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Am I crazy?

My last post, about programming being difficult at times (and that's why I like it) was interpreted as meaning exactly the opposite of what I intended.
I was trying to express the idea that when you're learning something new there is no way to make it a mindless process. When managers are developing an idea they can't give you detailed instructions about how to proceed.
Than God!!

The Real PC
Saturday, March 29, 2003

I just posted to your last topic in your defense, and yes, your point was entirely clear.  I think posters here are a little too sensitive to coders posting about the joys of hacking code without design when Joel's all about design (and I know you weren't posting about hacking, but prototyping).  Why do I know this?  Because good coders reexperience the fun of hacking when prototyping, then get down to business when the approach is clear, and I assume that you being here qualifies you in some way as a programmer.
The first stages of a project are ALL ABOUT the joy of problem-solving, then the later stages are all about the joys of creation and refining.  The same feelings other craftsmen experience as well.

D Cox
Saturday, March 29, 2003

I'm not just a coder taking dictation from managers, I'm supposed to be an analyst also.
The managers trusted me to make sense out of their vague instructions and I appreciate that. I feel I'm being given a chance to be creative and to learn new things and that makes me ecstatic.

The Real PC
Saturday, March 29, 2003

Yeah-- that's the best situation when the managers know enough to know that they don't know the best solution right off the bat.  No matter how hard some may try to commoditize the solution another better one usually pops up in the mind of the developer.  Good managers recognize that.  Sounds like a good place to work.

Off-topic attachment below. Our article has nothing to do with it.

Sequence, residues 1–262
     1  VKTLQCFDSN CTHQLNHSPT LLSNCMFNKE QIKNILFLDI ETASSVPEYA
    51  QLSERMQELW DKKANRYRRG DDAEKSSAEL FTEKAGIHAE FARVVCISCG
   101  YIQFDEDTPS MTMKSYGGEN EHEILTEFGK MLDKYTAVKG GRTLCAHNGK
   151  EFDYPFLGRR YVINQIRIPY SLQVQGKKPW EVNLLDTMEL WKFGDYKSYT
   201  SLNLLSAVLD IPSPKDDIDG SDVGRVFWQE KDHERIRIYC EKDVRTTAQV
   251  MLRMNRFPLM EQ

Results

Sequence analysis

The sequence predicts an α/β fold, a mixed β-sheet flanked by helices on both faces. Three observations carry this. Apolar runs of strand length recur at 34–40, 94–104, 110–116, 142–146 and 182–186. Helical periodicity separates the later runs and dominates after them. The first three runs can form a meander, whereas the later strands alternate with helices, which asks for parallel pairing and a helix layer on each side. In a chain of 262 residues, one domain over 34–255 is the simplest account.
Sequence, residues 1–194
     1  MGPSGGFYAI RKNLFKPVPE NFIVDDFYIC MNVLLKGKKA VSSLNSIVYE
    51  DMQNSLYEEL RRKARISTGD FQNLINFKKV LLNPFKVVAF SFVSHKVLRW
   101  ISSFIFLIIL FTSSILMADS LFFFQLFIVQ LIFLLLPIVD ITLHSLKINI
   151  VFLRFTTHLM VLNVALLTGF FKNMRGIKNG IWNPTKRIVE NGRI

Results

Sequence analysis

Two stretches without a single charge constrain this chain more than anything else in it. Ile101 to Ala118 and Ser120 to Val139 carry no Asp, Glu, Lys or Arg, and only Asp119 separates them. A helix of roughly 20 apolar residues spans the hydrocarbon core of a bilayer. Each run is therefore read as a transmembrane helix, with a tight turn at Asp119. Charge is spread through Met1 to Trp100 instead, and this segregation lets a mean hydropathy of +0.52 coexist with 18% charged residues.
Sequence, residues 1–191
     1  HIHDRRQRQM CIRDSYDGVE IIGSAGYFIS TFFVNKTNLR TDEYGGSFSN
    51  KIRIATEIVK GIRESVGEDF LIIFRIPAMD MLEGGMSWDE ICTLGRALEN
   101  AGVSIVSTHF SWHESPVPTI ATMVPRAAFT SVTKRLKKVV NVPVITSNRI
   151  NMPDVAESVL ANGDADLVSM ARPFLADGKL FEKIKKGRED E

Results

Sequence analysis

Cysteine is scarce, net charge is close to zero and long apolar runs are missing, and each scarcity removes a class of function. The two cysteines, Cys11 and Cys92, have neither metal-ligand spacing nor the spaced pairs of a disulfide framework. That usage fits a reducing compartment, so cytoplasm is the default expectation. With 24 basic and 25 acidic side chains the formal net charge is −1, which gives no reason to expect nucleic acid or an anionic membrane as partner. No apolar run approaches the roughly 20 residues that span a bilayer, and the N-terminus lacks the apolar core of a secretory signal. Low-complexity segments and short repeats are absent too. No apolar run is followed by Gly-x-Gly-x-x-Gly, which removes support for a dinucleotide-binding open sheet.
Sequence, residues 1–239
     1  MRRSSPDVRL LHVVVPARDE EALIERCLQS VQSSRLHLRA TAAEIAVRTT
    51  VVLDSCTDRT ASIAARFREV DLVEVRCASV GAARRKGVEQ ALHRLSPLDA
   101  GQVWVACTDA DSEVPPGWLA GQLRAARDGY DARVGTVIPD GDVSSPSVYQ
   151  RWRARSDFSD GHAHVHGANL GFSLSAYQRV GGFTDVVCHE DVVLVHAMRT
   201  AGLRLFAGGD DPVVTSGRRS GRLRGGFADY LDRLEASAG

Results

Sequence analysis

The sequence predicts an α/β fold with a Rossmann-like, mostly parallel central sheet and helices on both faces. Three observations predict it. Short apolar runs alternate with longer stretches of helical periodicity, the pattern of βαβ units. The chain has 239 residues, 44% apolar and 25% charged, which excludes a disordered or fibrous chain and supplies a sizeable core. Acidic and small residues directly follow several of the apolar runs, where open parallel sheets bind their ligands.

D Cox
Saturday, March 29, 2003

It isn't perfect and when the managers have nothing better to do they aren't above "helping." However these managers happen to be great programmers, so their advice actually makes sense.
But when they're too busy with other things, conditions can be almost ideal. I don't know if they left me alone in recent weeks because they actually have begun to trust me, or because they had other priorities. Anyway, it was nice. Even if it only happens once in a while, it keeps me sane.

The Real PC
Saturday, March 29, 2003

I think it is trust.  I let the automated test programmers that work for me implement solutions without guidance provided it meets this simple criteria:
1) Easy to maintain
2) Easy to use
3) Runs unattended and handles exceptions, recovers gracefully
4) Logs the progress of the test and collects forensic info so it's easy to submit a bug reports
5) well documented (comment header and comments in the code when it is not clear...)

Many times they have more elegant and robust solutions then I would have constructed.  I think they take more pride in thier work this way.  I never liked having designs force fed down my throat.

I also used to code 100% of the time myself so I've earned their respect since I've walked in their shoes.

Steven Tyler
Saturday, March 29, 2003

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